Alljoyn vs HomeOS For The Connected Home

  • Posted on: 4 May 2014
  • By: Patrick Oliphant

There is no doubt that the connected home needs an Operating System (OS) or some agnastic software environment to manage its diverse devices and services.  For the last four years the only company that shows any potential in filling this gap was Microsoft with its prototype homeOS platform.  I think this is about to change with the introduction of the Alljoyn platform backed by the Allseen alliance, a new industry body promoting interoperability between devices under the concept of the “Internet of Everything”.


Over the last few years different groups of CE manufacturers and industry bodies have tried to galvanise support for a platform that will allow home appliances to communicate seamlessly.  They have all had their successes in taking us closer to the ultimate but unfortunately have not been able to achieve it.  Allseen has taking up the challenge with a different approach, it’s not only about the home but the “Internet of Everything”.

 Allseen has chosen Alljoyn as their software framework, contributed by Qualcomm Innovation Centre. The platform is open source (Java base), which means applications and services created with Alljoyn can communicate over various transport layers or protocol such as Wi-Fi, powerline or Ethernet, without regards for the manufacturer or operating system and without the need for Internet access. The software runs on Linux, Linux-based Android, Apple iOS and Windows, including embedded variants.

Microsoft HomeOS on the other hand is based on Microsoft’s .Net framework and C# as a development platform.  Like Alljoyn, HomeOS will manage home appliances and devices such as lights, entertainment systems, router and other connected devices.  HomeOS promises the same agnostic approach to device connectivity and device management.

Allseen seems to be serious about making its attempt at developing a platform for a truly connected home work; it is the broadest cross-industry alliance to date with some of the leading CE manufacturers and Independent Software Vendors (ISV), under the umbrella of the Linux Foundation as the 11th collaborative project.  By building on an open source platform Allseen, believe that through the support of the open source community Alljoyn will get greater acceptance.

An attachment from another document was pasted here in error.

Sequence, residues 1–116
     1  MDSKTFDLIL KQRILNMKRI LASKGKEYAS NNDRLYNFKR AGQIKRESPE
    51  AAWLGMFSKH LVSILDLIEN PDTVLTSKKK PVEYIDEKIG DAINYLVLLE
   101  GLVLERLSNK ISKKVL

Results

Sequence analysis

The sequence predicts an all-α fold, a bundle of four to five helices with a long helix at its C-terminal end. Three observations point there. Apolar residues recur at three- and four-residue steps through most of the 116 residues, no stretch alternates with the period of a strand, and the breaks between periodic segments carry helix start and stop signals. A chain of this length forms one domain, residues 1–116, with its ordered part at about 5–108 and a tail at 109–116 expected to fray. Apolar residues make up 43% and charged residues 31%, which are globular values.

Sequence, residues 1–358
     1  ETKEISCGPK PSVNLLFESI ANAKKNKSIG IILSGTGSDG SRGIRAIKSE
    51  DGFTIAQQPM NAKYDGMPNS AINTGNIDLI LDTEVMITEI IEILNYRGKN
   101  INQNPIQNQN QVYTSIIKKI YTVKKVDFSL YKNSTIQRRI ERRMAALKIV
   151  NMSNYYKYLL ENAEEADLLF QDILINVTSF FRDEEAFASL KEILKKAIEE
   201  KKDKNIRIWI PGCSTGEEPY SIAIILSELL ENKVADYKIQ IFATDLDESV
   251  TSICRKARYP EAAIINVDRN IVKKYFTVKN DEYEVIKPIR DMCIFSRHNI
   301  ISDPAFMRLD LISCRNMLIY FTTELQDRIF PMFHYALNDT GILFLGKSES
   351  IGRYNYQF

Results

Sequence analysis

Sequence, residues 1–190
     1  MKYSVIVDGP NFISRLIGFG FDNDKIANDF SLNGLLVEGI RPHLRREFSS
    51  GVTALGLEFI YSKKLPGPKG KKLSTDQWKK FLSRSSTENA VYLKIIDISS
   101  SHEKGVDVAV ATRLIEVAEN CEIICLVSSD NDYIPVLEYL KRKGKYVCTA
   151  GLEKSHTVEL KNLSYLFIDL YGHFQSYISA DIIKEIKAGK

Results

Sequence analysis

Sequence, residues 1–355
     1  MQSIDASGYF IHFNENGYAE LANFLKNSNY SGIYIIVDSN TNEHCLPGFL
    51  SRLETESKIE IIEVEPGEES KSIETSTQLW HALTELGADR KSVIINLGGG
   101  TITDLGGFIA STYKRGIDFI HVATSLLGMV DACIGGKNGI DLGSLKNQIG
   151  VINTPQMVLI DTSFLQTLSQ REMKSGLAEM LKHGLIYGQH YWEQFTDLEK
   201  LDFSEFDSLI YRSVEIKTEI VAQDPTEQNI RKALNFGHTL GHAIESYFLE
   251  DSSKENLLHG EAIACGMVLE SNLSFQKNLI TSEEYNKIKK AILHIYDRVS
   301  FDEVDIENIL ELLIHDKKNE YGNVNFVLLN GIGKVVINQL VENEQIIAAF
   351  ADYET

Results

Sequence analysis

Both Alljoyn and Home OS have had a number of uses cases.  For a while Microsoft has been licensing non commercial use of HomeOS to those doing research and they have tested HomeOS is a number of homes.  Microsoft has also re-launched the HomeOS platform with an extended/added framework as the “Lab of Things”.   Recently (before the formation of Allseen) Qualcomm collaborated with Oracle and Deutsche Telekom to extend the Alljoyn platform.

Anyone interest can download the Lab of things SDK and Platform from Microsoft Cineplex or Alljoyn framework is available from the Allseen website.  Both sites have examples of what others are making and what can be done with the respective frameworks, but ultimately its down to your imagination and resources.  Microsoft Azure is available for those at a mature stage of their development and wanting a cloud service and somewhere to store data.

Both platforms offer possibilities and its going to be interest to see how both develop. I think it is too early to name a winner, for this coveted place in the home, and although Microsoft has been working on HomeOS for some time now there has not been any commercial product and Allseen has only just started, although Alljoyn has been around for some time.  Microsoft has the support of participating research groups; Allseen has the support of a bigger commercial community and being open source has its advantages.